The state of Michigan has a wonderful set up. There are about 25, 26 health coordinators all throughout the state that touch every single school, so as we are thinking about widespread dissemination, sustainability, this is a great organization because there can be in some schools, particularly low resource schools, there can be a high turnover rate of classroom teachers or even PE teachers. There can be a high turnover rate of principles. There can even be a high turnover rate of superintendents. Because MSHCA or the Michigan School Health Coordinators Association is a stable unit throughout the state, you actually have one person that is going to be there consistently over years.
10:22 Narrator: With schools playing such a big role in helping children stay active and with so many kids now doing school at home, Hasson believes that together schools, children, families, and the communities we live in can find motivation and a plan to make physical activity part of each day.
10:39 Hasson: This is a big ask from parents and children to start exercising at home. We know that parents are extremely busy right now, and they're trying to parent and work all at the same time. So what we are trying to do is create a resource that the parents can engage with the kids by being physically active, but also that the kids can do it by themselves if needed. That there are enough instructions from the PE teachers in the videos that really enable the children to be active on their own. So if the parent needs a break, they can say, “Now it's time for physical activity”. Now we would love for children to do it with the parents, and so that is where we have, again, incorporated point systems and goals. We know from the goal setting theory that when an individual sets a goal and sets a realistic goal, that they are much more likely to accomplish that goal rather than just saying, “Okay, I'm gonna just start exercising”. We also know that adding game design elements, it makes it more fun for kids. Giving them just a sticker - they get to put a sticker on their activity calendar, helps them to stay motivated. Those are more external motivations, but we've also tried to create the video so that they're fun, and we know that in physical activity, enjoyment is also a way to increase physical activity participation.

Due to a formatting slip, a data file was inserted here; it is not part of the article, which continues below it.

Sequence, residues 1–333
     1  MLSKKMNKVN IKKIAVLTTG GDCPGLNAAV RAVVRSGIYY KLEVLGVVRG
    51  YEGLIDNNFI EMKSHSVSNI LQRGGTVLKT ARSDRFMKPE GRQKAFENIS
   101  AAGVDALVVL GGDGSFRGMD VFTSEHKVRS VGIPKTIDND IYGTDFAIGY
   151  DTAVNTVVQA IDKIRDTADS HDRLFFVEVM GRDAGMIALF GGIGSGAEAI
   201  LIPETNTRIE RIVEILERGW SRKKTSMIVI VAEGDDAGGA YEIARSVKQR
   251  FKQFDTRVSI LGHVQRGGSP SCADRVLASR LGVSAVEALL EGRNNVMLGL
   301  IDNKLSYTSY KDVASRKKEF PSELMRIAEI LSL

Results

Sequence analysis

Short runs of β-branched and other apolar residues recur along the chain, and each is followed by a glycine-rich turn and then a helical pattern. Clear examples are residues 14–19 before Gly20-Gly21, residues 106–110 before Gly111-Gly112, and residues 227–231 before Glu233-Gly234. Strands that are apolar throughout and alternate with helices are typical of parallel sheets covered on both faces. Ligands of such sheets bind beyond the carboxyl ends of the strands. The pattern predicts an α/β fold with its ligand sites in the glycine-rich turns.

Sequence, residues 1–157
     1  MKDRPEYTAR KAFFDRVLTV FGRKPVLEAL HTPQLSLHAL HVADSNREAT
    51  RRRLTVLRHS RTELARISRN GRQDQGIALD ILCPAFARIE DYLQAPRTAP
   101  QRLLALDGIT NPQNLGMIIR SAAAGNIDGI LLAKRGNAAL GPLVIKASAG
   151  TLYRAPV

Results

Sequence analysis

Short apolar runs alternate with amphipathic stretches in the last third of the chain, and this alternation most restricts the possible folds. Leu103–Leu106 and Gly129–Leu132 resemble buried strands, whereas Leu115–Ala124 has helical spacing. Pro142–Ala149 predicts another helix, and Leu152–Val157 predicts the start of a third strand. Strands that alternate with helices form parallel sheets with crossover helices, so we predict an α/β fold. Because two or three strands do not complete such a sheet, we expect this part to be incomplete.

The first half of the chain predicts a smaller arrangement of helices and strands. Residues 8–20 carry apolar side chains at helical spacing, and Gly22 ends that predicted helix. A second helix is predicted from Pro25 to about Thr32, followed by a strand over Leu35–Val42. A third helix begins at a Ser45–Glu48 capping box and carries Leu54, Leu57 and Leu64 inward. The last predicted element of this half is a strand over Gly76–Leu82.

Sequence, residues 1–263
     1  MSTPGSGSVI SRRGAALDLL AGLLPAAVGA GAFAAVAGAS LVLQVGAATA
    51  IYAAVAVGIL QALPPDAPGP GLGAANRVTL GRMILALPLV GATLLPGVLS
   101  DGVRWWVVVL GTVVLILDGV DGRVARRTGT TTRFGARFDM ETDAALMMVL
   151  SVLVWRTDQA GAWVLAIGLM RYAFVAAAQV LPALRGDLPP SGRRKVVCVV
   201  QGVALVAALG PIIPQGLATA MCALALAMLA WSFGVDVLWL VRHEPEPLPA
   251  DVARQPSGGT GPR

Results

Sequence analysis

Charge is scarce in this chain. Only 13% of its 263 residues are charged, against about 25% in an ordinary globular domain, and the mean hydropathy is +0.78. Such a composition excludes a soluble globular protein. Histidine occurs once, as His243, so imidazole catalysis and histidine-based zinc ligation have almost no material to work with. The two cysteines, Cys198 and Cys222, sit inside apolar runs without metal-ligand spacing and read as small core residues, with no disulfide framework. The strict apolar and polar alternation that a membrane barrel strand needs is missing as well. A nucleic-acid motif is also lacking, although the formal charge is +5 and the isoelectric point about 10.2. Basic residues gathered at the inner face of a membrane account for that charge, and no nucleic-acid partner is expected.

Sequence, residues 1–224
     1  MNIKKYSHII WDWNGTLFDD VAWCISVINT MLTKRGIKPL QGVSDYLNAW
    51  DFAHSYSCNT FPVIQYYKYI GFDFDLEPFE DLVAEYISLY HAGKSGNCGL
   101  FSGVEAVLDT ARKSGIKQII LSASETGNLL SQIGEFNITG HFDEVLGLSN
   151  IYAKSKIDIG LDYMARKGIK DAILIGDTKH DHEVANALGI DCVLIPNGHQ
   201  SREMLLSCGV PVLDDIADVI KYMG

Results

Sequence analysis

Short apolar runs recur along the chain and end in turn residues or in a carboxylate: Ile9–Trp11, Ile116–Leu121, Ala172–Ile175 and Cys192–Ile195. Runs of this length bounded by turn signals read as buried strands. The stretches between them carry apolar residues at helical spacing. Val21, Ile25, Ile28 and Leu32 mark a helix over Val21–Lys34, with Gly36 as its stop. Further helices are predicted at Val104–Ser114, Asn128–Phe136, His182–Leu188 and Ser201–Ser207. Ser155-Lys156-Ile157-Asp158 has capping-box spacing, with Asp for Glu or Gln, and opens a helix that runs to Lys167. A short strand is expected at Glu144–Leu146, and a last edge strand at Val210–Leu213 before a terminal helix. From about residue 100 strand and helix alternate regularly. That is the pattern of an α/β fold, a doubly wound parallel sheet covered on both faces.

If we think about the kids motivating the parents, we can take lessons from smoking cessation. There really was this grassroots movement from the children. So as children were learning in schools that smoking is bad they would actually go back to their parents and say, “Mom, dad, grandma, grandpa, shouldn't be smoking. It's bad for our health”. And that really helped with changing smoking patterns and smoking participation in this country. I believe we can do the same thing with physical activity. Before this program even started, we would use some freely available videos that were already online and children would actually go home and start using those videos and asking their parents will they do them with them. In the beginning, the push will be coming from the parents to help motivate the children, but I think at some point in time, that motivation will switch and it will be the student or the child that is now starting to motivate their parents.
12:58 Narrator: As much of the country is entering a period of shorter and colder days that often lead to less movement, Hasson stresses the need to embrace the winter season.
13:08 Hasson: How do we get through the winter and stay active? That is a fundamental Michigan question. I'm originally from California, so that's not really a question that we ask ourselves too often, but the beauty of having four seasons is that we have four seasons. The disadvantages to having four seasons is that it can have a tremendous impact on our behavior. But as many native Michigan-ers have told me, there's no such thing as bad weather, there's only bad clothing. So we are actually having some of our PE teachers develop exercise training videos on how do you safely exercise outdoors and can you pick up a sport that is a winter sport? So snowshoeing and things of that nature. Now, some of those sports are expensive and they may not be accessible to all of our students. So we are also providing, again, at-home exercises that you can do in your own living room. You can exercise in your living room 365 days a year, and so it is not weather-dependent, it's just time-dependent and motivation-dependent. There are very few days in a year where you really cannot go outside because it's unsafe, but most of the days it’s really just a motivation factor. It's my job to help find different motivators to help people stay focused and motivated all throughout the year, and that's what we're hoping to achieve with Impact at Home, that you can still stay physically active at home through these videos.